- Façade Engineers:VS-A
- Generalist Engineers:Setec Batiment
- Building Surveyor:DAL
- Acoustic Engineers:A.V.L.S
- Landscape Designer:Sophie Barbaux
- Kitchen Design Engineers:Conceptic’art
- Budget:30.9 M€
- Environmental Aspects:Very High Energy Performance building (VHEP)
Text description provided by the architects. The IGN and Météo France Geosciences centre: a major renovation operation permitting the transformation of a 1980’s block into a Very High Energy Performance (VHEP) building with a surface area of 15,900 m².
The agency’s work concentrated on IGN’s B building, opening it out through the creation of a garden shared with building A.
The programme called for the conservation of the volumes through the creation of central patios. The agency went even further, freeing the space between the buildings and creating a single entity for the newly rehabilitated building.
Initially comprising offices and workshops, as well as a first aid station and an inter-company restaurant, the building has been enriched through the incorporation of new amenities such as a multimedia library, a music room, and sports halls.
The timber framed façades reinforce the identity of the site, developing a certain osmosis with building A while simultaneously affirming its durable and innovative nature through its exceptional proportions.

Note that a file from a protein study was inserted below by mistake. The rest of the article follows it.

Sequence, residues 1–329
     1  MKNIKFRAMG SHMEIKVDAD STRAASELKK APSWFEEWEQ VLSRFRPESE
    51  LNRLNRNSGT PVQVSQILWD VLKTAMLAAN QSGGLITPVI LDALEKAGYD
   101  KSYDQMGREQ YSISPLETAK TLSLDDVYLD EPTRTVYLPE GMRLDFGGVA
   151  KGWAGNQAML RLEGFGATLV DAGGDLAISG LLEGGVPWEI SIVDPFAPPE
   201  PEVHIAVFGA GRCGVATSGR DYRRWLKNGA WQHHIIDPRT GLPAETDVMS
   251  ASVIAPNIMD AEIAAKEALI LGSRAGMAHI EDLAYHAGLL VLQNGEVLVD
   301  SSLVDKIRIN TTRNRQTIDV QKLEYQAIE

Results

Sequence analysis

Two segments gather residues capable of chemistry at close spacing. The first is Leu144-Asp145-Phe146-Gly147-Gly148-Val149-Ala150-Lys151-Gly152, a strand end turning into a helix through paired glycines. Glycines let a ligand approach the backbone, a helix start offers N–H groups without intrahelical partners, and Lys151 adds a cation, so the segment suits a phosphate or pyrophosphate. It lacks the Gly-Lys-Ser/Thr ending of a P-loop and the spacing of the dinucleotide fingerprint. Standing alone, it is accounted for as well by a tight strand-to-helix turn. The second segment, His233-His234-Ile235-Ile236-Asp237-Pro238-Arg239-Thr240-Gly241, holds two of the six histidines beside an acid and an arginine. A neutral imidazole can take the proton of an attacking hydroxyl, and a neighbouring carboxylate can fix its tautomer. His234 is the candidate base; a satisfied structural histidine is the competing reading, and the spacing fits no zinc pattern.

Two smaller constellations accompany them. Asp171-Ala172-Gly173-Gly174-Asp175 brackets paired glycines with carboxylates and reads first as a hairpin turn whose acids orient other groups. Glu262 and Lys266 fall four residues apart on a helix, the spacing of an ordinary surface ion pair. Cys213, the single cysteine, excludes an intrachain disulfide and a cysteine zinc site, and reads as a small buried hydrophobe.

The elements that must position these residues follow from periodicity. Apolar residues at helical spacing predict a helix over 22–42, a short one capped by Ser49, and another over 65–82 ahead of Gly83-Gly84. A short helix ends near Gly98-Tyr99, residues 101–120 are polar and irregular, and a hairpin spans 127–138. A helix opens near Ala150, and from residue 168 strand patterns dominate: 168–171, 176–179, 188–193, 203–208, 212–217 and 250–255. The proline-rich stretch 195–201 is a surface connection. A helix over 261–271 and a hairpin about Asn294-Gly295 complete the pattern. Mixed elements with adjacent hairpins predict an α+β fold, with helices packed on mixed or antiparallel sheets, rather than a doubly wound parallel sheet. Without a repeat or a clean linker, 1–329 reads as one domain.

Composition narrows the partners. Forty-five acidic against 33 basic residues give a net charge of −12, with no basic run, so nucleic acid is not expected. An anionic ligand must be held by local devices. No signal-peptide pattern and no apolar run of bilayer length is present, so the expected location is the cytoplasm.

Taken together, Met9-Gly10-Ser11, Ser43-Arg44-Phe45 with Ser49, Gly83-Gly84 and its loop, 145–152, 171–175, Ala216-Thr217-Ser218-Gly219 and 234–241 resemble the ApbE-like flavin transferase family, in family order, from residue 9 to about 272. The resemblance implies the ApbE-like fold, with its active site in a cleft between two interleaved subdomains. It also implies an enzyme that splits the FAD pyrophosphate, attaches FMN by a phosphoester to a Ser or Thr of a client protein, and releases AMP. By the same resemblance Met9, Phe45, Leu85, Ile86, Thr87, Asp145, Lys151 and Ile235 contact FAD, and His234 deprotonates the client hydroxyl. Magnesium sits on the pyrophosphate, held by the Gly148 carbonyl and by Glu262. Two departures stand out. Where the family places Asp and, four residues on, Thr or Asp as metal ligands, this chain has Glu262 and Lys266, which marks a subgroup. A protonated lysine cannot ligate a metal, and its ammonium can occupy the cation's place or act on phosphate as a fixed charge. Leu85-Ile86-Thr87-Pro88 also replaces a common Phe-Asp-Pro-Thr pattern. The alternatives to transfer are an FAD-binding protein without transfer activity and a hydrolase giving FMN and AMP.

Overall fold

It is a VHEP building able to meet the strictest environmental performance criteria.
Apart from the spatial densification and harmonisation of the façade, the design work integrated all aspects linked to energy performance: façade glazing chosen to meet thermal and acoustic requirements; thermal stacks distributed over the length of the building to extract hot air from the corridors (summer) and recuperate hot air from the south and west façades for redistribution to the offices (winter).
A large number of other complementary active systems have been developed to enrich this environmental approach: use of geothermal energy, recuperation of energy from all air handling plants, rooftop installation of solar panels and creation of a planted roof to reduce leakage flows and increase the building’s thermal inertia.